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By J. Wallace

This primary sustained examine of Lawrence and technological know-how exhibits how "posthuman" conceptions of a cloth kinship among people, animals and machines can rework our figuring out of Lawrence's paintings and its complicated dating with clinical epistemologies. via exact readings of evolutionary philosophy, and of the "new Bergsonism" of Deleuze and others, the ebook reappraises Lawrence by way of an "antihumanist (or posthumanist) humanism" (Hardt and Negri).

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Extra resources for D.H. Lawrence, Science and the Posthuman

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And physiology which became known, notoriously, as his ‘solar plexus philosophy’, and which he himself described as an attempt to write ‘pure science’. In the same drafts, he wrote that ‘there is no immaterial existence, no spirit’. We recall that, according to Ghiselin, the ‘uttermost mystery’ for Lawrence was the question of how the human animal came to say ‘I am I’. H. Huxley designated as the ‘question of questions’ for mankind and therefore, by implication, for science as he saw it: ‘the ascertainment of the place which Man occupies in nature and of his relations to the universe of things’ (MPN 52).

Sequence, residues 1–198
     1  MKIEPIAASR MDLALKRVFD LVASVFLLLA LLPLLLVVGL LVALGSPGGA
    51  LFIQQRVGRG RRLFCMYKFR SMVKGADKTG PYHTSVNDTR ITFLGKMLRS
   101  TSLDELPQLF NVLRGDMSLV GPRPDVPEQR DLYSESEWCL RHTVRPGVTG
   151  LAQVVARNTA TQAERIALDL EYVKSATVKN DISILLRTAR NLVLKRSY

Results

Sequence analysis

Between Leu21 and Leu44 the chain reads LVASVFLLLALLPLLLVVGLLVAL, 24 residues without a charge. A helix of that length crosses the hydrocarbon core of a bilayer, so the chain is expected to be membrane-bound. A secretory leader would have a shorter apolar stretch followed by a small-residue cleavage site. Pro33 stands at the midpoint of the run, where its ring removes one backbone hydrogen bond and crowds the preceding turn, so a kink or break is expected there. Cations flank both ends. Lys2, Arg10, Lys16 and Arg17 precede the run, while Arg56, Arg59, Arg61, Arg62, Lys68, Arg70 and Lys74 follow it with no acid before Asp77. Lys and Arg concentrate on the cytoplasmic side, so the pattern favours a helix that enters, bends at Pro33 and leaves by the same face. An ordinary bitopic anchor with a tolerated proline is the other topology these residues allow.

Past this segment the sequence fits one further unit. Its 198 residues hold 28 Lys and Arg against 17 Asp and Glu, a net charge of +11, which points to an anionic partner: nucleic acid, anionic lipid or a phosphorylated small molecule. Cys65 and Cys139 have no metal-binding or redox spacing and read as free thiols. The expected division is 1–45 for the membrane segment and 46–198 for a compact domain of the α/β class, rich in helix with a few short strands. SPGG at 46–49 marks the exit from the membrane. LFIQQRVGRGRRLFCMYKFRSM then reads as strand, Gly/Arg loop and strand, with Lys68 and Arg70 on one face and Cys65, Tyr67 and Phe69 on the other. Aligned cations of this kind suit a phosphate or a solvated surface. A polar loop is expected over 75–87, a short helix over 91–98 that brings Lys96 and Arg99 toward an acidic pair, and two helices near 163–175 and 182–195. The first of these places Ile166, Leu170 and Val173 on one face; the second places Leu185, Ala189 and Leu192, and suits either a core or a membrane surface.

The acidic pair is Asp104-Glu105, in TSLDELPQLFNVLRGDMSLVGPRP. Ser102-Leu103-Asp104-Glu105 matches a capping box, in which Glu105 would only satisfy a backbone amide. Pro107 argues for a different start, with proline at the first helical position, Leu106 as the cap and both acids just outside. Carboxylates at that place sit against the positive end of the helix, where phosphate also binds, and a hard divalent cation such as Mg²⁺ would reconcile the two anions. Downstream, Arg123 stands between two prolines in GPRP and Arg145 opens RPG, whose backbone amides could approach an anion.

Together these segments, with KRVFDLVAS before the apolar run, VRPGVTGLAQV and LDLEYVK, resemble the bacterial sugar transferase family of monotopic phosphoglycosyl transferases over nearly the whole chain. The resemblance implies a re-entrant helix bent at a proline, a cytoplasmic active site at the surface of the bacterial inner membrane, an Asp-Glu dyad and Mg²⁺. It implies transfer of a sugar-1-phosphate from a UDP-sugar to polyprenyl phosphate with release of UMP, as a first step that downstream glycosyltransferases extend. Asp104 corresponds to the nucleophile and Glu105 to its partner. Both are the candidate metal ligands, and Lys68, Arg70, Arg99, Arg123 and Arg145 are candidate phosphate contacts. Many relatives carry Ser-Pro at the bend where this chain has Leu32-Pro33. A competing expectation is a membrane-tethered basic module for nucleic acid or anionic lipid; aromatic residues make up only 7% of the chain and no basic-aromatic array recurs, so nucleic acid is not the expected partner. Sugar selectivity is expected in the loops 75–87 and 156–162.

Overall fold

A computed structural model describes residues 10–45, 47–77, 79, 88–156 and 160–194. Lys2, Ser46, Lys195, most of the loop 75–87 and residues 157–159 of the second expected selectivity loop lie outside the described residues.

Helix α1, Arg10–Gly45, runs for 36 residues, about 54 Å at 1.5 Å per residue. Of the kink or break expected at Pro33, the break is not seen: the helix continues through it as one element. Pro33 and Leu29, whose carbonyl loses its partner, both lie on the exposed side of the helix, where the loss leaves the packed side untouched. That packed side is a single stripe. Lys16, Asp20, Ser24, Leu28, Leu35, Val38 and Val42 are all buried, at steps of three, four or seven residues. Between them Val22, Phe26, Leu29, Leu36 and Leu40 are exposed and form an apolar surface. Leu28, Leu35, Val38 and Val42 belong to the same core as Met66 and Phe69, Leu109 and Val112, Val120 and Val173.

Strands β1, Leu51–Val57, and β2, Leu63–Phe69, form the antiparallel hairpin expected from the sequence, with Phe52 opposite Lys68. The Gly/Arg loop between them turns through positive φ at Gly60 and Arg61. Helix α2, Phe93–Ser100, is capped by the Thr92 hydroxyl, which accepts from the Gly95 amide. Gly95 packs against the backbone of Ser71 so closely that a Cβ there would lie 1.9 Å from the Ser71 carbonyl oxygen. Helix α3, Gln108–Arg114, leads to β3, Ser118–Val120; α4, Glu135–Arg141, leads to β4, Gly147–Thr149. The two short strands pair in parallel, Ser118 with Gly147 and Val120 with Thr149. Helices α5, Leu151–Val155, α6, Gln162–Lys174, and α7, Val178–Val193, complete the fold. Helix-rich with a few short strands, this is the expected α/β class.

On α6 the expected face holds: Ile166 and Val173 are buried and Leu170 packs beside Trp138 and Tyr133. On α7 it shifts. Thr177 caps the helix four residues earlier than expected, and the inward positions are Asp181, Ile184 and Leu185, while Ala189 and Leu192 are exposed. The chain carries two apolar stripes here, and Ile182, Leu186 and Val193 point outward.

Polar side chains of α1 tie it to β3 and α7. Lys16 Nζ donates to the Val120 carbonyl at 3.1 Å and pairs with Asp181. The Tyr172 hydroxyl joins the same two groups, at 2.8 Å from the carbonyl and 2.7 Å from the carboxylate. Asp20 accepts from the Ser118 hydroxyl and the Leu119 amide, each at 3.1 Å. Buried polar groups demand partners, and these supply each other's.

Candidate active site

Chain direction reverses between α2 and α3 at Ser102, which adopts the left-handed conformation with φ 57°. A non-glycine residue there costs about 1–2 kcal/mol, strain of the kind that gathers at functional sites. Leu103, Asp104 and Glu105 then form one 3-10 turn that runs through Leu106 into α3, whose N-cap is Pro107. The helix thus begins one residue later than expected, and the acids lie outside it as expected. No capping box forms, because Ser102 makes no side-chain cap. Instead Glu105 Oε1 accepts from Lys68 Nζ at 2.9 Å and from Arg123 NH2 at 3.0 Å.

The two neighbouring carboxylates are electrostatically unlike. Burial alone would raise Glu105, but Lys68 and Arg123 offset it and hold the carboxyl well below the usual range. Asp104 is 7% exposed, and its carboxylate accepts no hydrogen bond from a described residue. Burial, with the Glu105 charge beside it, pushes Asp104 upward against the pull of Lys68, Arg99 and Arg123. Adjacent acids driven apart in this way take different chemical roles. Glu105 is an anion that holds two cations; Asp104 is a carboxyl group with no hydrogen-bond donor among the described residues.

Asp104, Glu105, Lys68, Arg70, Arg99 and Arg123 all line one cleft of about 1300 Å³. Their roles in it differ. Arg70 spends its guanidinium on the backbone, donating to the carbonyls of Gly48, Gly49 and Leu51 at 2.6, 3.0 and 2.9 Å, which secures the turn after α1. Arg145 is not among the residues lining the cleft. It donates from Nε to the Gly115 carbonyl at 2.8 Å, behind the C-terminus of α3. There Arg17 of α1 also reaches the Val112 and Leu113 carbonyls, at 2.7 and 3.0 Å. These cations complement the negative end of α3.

For his intelligence told him that ‘objectivity’ . . 29 It is not my intention here to elaborate detailed critiques of Leavis’s resistance to critical theory and of the mystificatory elements in his own, postromantic theorizing of literature. In fact, key elements of the critique of science he attributes to Lawrence will figure prominently in my own account of a posthuman Lawrence as this book proceeds: the undermining of ‘objectivity’, consonant with relativity physics and the placing of the observer within the field of enquiry; the status of science as ideological ‘commonsense’; the ‘deadly’ threat, identified by current ecological critique, posed by an ideology of ‘conquest’ over life as matter to be subjugated.

Lawrence, Science and the Posthuman, Jeff Wallace 2 1. ‘Born scientific’ As they worked in the fields, from beyond the now familiar embankment came the rhythmic run of the winding engines, startling at first, but afterwards a narcotic to the brain. Then the shrill whistle of the trains re-echoed through the heart, with fearsome pleasure, announcing the far-off come near and imminent (TR 12–13). In Lawrence’s novel The Rainbow (1915), the Brangwens of the mid-nineteenth century experience industrial technology in the body: the winding engines of the pit become ‘a narcotic to the brain’, the whistle of the trains re-echoes ‘through the heart’.

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